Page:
Grace's Guide

British Industrial History

Grace's Guide is the leading source of historical information on industry and manufacturing in Britain. This web publication contains 148,103 pages of information and 233,633 images on early companies, their products and the people who designed and built them.

Liverpool Lime Street Railway Station

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Image taken in 2013. Southern bay nearest camera. Northern bay just visible.
2016. Southern roof
Junction of southern and northern roofs
Close-up showing 'joggled' arch, and tapered cotters used to tension the tie bars
JD Lime St03.jpg
Northern roof, showing the compression struts assembled from four lengths of angle iron

in Liverpool

The 1836 station building had a glazed wooden roof supported by iron columns.

The station was enlarged in 1848-50, with an impressive glazed curved wrought iron roof supported by cast iron columns interconnected by arched cast iron members. The span was 153 ft 6 in., and the extreme length was 374 ft, being curved in plan. The structure was designed and constructed by Richard Turner at Hammersmith Iron Works in Dublin. He provided a description in an I.C.E. Paper[1]. The design proposals examined by William Fairbairn and by James Kennedy of Clarence Foundry. Joseph Locke oversaw the load testing.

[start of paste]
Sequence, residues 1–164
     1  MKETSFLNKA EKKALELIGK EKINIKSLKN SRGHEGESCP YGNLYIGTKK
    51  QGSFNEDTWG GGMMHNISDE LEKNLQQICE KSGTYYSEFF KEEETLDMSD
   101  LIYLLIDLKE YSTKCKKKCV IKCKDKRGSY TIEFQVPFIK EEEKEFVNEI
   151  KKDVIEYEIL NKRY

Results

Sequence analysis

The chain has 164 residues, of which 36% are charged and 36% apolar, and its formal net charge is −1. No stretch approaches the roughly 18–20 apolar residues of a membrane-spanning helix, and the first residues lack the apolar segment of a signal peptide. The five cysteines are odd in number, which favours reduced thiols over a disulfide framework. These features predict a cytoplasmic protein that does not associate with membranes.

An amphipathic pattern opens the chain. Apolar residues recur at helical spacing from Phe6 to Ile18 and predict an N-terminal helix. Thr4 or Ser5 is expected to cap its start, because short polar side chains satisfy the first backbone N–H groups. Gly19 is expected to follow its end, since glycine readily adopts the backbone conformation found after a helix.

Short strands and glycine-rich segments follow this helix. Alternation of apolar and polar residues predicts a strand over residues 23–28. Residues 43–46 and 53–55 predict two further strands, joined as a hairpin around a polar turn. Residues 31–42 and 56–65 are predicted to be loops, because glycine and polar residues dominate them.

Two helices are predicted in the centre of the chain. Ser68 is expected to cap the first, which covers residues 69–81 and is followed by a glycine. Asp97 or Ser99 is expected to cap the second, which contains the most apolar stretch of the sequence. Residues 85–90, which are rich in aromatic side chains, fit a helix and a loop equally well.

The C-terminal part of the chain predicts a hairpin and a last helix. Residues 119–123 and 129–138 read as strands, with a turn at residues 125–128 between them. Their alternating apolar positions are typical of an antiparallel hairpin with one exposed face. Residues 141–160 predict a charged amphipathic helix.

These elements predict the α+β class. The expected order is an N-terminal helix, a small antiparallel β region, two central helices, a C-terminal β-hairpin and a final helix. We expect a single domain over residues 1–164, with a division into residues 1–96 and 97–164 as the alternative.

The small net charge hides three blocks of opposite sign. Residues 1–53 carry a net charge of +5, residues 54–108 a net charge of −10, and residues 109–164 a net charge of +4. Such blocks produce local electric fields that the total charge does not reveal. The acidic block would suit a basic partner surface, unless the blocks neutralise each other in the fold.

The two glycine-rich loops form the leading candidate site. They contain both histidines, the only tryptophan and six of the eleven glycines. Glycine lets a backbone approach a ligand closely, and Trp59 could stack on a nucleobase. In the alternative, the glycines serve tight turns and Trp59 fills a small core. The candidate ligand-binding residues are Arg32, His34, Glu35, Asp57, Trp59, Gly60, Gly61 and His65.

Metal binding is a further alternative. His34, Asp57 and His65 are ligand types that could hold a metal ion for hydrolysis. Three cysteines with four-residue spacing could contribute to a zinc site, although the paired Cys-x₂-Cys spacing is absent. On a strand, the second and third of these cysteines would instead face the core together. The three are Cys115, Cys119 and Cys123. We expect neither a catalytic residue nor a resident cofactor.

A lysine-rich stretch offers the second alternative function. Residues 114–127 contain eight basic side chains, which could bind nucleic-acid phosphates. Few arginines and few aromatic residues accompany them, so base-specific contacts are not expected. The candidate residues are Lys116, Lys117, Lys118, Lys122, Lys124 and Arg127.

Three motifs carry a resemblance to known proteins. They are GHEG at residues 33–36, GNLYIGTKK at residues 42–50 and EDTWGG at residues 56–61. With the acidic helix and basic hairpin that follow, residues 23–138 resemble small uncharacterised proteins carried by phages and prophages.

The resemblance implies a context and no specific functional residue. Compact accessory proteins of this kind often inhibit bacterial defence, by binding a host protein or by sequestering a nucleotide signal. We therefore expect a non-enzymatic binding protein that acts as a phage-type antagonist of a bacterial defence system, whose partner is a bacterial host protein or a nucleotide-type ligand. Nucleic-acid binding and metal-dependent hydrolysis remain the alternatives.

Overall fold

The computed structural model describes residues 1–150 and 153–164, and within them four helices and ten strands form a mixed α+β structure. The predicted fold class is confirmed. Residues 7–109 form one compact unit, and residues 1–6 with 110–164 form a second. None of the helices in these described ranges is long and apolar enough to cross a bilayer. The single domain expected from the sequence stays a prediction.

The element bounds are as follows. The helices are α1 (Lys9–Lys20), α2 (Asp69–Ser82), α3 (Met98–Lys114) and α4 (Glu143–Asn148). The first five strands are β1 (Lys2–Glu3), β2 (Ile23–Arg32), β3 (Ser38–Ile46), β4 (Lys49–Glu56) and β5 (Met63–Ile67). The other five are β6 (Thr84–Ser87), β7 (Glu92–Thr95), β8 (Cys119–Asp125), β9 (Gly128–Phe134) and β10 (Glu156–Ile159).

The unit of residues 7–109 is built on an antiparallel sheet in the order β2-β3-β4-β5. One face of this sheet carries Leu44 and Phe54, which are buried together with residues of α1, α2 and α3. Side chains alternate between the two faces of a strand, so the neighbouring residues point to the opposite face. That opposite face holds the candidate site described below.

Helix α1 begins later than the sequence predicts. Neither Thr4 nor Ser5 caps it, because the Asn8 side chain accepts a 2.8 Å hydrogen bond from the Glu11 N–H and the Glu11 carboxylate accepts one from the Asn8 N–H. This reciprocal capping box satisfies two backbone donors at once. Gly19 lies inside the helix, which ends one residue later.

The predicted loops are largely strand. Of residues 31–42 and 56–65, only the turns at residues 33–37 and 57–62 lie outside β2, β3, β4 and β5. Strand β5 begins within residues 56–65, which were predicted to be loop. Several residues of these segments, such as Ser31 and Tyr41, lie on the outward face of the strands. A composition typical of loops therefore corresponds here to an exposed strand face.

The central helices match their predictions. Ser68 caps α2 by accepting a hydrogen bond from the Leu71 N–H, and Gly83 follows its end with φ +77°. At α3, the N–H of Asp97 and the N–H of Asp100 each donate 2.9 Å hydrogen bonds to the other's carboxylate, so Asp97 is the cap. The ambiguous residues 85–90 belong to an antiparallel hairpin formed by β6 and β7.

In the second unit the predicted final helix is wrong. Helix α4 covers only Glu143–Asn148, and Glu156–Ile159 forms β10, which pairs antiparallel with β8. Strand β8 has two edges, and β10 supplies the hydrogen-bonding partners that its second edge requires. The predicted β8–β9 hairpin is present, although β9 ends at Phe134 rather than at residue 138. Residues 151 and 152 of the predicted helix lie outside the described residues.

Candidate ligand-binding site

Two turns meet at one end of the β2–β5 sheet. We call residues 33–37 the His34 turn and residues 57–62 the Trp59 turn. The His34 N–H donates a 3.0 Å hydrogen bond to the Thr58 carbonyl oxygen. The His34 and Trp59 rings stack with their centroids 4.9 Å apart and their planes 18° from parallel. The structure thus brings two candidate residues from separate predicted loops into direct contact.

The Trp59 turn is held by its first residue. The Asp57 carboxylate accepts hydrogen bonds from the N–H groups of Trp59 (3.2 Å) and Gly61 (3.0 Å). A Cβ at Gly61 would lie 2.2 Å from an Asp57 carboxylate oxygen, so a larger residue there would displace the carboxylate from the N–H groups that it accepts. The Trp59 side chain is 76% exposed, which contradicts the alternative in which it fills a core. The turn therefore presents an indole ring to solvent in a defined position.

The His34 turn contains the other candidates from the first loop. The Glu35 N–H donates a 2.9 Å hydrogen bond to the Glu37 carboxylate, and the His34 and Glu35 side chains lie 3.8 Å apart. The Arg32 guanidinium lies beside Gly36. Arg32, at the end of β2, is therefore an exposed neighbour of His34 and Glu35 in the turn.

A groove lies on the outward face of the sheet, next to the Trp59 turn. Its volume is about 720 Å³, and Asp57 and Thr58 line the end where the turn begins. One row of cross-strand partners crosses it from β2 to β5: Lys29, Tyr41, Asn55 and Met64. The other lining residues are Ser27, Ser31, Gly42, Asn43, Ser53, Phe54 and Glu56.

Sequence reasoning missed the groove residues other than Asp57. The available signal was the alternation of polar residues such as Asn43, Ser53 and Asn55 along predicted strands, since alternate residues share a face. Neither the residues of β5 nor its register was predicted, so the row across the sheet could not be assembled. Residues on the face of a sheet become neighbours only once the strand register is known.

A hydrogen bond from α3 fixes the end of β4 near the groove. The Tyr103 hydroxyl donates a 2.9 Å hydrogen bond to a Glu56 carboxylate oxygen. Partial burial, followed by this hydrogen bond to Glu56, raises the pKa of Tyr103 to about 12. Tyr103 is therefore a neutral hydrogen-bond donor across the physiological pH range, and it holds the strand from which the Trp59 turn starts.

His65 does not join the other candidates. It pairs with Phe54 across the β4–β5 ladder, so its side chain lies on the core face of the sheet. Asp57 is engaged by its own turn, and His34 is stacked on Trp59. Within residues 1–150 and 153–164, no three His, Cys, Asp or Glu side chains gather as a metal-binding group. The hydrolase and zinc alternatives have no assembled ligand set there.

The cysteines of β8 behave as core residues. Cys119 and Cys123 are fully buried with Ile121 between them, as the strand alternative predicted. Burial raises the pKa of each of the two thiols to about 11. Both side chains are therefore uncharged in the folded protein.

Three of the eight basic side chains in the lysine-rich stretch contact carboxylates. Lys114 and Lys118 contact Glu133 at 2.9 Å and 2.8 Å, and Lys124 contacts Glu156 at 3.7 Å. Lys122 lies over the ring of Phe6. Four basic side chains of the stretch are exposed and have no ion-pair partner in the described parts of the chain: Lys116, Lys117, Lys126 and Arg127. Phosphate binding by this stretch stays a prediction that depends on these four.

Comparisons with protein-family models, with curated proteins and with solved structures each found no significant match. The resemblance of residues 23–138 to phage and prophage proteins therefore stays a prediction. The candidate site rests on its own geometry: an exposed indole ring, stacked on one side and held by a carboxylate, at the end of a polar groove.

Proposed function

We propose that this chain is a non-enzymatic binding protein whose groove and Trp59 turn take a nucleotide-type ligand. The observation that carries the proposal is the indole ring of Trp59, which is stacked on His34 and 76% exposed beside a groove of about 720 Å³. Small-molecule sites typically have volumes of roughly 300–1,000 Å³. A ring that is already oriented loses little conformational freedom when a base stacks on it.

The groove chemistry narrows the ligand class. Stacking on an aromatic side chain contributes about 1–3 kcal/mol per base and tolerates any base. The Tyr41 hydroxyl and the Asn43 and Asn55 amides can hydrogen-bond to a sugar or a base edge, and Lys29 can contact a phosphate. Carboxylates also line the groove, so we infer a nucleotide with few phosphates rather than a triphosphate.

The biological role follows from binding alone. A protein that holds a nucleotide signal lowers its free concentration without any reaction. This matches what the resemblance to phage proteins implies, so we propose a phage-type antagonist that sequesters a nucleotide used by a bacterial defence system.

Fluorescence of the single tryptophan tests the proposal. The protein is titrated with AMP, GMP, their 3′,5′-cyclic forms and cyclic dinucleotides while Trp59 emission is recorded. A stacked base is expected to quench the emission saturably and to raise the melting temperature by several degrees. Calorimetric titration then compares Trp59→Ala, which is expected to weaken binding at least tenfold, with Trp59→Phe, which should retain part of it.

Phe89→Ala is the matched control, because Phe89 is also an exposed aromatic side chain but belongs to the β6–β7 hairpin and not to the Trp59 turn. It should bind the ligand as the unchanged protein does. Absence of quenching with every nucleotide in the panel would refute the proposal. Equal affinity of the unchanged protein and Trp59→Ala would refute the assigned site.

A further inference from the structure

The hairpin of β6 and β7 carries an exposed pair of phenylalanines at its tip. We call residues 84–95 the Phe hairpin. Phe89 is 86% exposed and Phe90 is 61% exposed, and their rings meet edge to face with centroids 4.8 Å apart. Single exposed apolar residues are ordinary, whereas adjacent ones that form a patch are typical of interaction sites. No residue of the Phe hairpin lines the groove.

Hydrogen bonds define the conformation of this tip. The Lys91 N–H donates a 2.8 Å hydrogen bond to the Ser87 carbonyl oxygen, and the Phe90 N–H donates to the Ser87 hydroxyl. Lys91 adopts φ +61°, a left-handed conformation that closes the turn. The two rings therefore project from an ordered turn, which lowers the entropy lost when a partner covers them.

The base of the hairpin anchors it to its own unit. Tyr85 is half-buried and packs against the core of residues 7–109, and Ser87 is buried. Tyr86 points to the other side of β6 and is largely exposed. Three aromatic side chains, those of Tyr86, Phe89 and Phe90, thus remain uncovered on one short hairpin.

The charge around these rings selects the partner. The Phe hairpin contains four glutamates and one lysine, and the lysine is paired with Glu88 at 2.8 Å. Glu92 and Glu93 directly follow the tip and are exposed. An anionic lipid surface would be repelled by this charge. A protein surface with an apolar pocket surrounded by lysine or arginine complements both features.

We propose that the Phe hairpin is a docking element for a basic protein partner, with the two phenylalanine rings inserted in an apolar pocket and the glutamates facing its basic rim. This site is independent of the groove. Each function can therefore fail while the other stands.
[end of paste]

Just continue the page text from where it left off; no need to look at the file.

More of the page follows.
In 1868 the station was reconstructed, the iron train shed being replaced by one of greater length and c.200 ft span, and a large hotel was built at the western end. The Engineer was William Baker.

In 1878 another shed was added at the south side. Viewed in plan, the roofs are curved and also tapered, greatly adding to the difficulties faced by the designers. The span of the northern roof varies from 185 to 215 ft, while that of the southern roof is between 170 and 195 ft.[2]

See Also

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Sources of Information

  1. [1]Minutes of the Proceedings of the Institution of Civil Engineers, Vol IX, 1849-50
  2. [2]Engineering Timelines - Lime Street Station Roof